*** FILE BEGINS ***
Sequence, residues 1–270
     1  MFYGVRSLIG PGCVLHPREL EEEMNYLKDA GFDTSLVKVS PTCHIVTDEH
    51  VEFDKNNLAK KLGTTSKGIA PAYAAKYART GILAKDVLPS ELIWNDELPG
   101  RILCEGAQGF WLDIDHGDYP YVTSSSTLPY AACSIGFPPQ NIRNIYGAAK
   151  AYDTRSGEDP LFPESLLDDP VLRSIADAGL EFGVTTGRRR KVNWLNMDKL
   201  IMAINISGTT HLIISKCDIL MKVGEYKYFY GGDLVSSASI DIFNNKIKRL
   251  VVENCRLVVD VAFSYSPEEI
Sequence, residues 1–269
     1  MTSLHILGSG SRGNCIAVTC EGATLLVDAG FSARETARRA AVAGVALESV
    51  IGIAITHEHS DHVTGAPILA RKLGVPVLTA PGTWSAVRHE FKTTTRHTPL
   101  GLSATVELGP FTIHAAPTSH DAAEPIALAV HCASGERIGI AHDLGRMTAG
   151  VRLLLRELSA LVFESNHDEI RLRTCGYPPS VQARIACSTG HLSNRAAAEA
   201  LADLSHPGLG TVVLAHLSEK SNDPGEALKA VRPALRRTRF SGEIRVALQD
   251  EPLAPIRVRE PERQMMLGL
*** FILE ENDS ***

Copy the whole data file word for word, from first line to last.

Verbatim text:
Sequence, residues 1–270
     1  MFYGVRSLIG PGCVLHPREL EEEMNYLKDA GFDTSLVKVS PTCHIVTDEH
    51  VEFDKNNLAK KLGTTSKGIA PAYAAKYART GILAKDVLPS ELIWNDELPG
   101  RILCEGAQGF WLDIDHGDYP YVTSSSTLPY AACSIGFPPQ NIRNIYGAAK
   151  AYDTRSGEDP LFPESLLDDP VLRSIADAGL EFGVTTGRRR KVNWLNMDKL
   201  IMAINISGTT HLIISKCDIL MKVGEYKYFY GGDLVSSASI DIFNNKIKRL
   251  VVENCRLVVD VAFSYSPEEI
Sequence, residues 1–269
     1  MTSLHILGSG SRGNCIAVTC EGATLLVDAG FSARETARRA AVAGVALESV
    51  IGIAITHEHS DHVTGAPILA RKLGVPVLTA PGTWSAVRHE FKTTTRHTPL
   101  GLSATVELGP FTIHAAPTSH DAAEPIALAV HCASGERIGI AHDLGRMTAG
   151  VRLLLRELSA LVFESNHDEI RLRTCGYPPS VQARIACSTG HLSNRAAAEA
   201  LADLSHPGLG TVVLAHLSEK SNDPGEALKA VRPALRRTRF SGEIRVALQD
   251  EPLAPIRVRE PERQMMLGL